It’s Halloween, and the things that scare me aren’t the ghouls and goblins associated with this holiday; rather, I’m concerned with creatures of a different breed:
Call them naysayers, Negative Nancies or Debbie Downers. The Germans had a word for it: schadenfreude. Whether they are your relatives or even close friends, some people in this world would prefer not to see us succeed at our at-home business ventures. And when we do experience some success, these naysayers feed off our good vibes, sucking us dry of our hope and determination. Personally, I call these folks vampires.
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These are typically clients who are either just starting out or who are languishing in their own business and need your brains to “resurrect” them and their business. However, without a fully alive partner who knows just what kind of services he wants- and who can actually pay you for them- you end up “turning” too. This doesn’t bode well for your career.
How to Slay Vampires
Part One: Vampire identification
You create an incredible affiliate website about baby strollers and boast about it to your friend. She listens quietly, then mentions that those strollers are being recalled. The next month, one of your clients stiffs you on a payment; your friend goes on and on about how “she’s here for you” and how “you can tell me anything.” Yep, you might have a vampire on your hands.
Fortunately, there is scientific research that can help you fend off vampires.
In a 2011 report in Cognition and Emotion, van Dijk and colleagues ran psychological tests on some undergraduate students. These students were first tested on their cognitive abilities and then falsely told that they were either really smart or really stupid. Then, all the students were told a supposedly true story about the misfortune of a fellow student who had either done poorly on his or her thesis or had accidentally driven his car into a canal. The students were asked to report their emotions while hearing these stories.
The students that had been told that they were rather stupid scored much higher on feelings of schadenfraude than those students who were told they were really smart. In other words, when the students felt threatened about their own self-worth, they took greater pleasure in hearing about the misfortunes of others. Interestingly, when low self-esteem subjects were complimented on their astute observations, their schadenfreude levels decreased.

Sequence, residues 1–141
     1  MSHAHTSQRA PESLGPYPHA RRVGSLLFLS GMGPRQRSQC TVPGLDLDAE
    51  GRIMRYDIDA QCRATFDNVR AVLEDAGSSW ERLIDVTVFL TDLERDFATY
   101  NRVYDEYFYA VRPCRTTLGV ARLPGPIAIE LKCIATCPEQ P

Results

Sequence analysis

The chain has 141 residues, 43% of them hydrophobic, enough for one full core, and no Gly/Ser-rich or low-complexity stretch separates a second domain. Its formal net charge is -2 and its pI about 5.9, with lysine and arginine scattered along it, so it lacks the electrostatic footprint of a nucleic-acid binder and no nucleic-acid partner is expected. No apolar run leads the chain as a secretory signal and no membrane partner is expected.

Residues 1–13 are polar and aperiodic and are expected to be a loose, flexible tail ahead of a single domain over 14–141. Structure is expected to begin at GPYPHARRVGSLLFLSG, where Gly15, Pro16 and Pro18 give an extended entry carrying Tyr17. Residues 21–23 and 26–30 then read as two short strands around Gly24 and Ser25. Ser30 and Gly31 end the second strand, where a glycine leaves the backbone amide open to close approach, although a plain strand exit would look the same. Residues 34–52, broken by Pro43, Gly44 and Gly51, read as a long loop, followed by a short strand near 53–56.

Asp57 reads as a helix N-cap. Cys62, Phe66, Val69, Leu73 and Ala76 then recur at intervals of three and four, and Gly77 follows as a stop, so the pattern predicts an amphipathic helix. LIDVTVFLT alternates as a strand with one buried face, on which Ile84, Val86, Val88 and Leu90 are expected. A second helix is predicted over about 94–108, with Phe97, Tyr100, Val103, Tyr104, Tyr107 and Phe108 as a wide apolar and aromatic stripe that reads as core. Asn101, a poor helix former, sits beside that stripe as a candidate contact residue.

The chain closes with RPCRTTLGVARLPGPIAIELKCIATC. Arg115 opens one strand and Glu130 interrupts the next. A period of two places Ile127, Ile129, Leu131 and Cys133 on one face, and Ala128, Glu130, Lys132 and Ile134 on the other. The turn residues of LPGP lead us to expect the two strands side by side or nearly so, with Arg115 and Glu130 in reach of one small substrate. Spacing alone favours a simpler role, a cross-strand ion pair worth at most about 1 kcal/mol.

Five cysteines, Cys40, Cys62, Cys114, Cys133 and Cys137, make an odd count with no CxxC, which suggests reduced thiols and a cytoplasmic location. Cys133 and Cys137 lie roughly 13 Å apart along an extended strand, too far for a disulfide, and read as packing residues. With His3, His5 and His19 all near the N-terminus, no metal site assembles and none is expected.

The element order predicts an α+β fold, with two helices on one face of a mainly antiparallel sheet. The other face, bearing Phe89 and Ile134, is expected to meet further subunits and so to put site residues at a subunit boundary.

In another study reported in the journal Emotion, van Dijk and colleagues first tested the actual self-esteem of a group of undergraduate students, after which all students were read a supposedly true story about a high-achieving student. The students were asked to report on their feelings about this high-achiever. Afterwards, the students were told about the scholastic misfortunes of this high-achieving student and again asked to report their emotions.
The students with low self-esteem scored the highest in terms of feeling threatened by the high-achieving student. Not surprisingly, when later told how this high-achiever had failed on an academic level, the low self-esteem students also scored the highest in terms of their schadenfreude. In other words, the students with low self-esteem were threatened by the successful student and consequently felt very happy to hear that he or she had run into some bad luck.
Part Two: Vampire neutralization
What does this teach you in terms of fighting off vampires and not allowing them to suck you dry of your positive energy? First of all, it’s important to recognize that vampires carry around feelings of low self-esteem and therefore, are actually threatened by your work-at-home business success. Vampires don’t feel happy when they hear that you’ve “made it” on some level. In many cases, they might even envy what they perceive to be your easygoing, get-up-at-noon lifestyle.